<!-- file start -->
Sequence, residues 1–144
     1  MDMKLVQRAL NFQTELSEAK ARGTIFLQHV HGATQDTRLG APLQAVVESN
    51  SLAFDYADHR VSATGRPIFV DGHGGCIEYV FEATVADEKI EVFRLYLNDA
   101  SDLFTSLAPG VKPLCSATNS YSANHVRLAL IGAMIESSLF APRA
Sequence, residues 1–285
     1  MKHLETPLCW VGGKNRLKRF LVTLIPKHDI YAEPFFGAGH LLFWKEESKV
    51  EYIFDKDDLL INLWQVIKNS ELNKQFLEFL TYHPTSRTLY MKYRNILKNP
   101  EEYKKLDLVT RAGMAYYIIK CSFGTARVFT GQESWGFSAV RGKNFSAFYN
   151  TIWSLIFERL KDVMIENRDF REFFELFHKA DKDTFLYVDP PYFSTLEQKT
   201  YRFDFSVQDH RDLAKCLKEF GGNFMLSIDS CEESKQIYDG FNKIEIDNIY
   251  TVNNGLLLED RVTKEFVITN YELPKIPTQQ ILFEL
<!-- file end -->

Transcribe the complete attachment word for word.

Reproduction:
Sequence, residues 1–144
     1  MDMKLVQRAL NFQTELSEAK ARGTIFLQHV HGATQDTRLG APLQAVVESN
    51  SLAFDYADHR VSATGRPIFV DGHGGCIEYV FEATVADEKI EVFRLYLNDA
   101  SDLFTSLAPG VKPLCSATNS YSANHVRLAL IGAMIESSLF APRA
Sequence, residues 1–285
     1  MKHLETPLCW VGGKNRLKRF LVTLIPKHDI YAEPFFGAGH LLFWKEESKV
    51  EYIFDKDDLL INLWQVIKNS ELNKQFLEFL TYHPTSRTLY MKYRNILKNP
   101  EEYKKLDLVT RAGMAYYIIK CSFGTARVFT GQESWGFSAV RGKNFSAFYN
   151  TIWSLIFERL KDVMIENRDF REFFELFHKA DKDTFLYVDP PYFSTLEQKT
   201  YRFDFSVQDH RDLAKCLKEF GGNFMLSIDS CEESKQIYDG FNKIEIDNIY
   251  TVNNGLLLED RVTKEFVITN YELPKIPTQQ ILFEL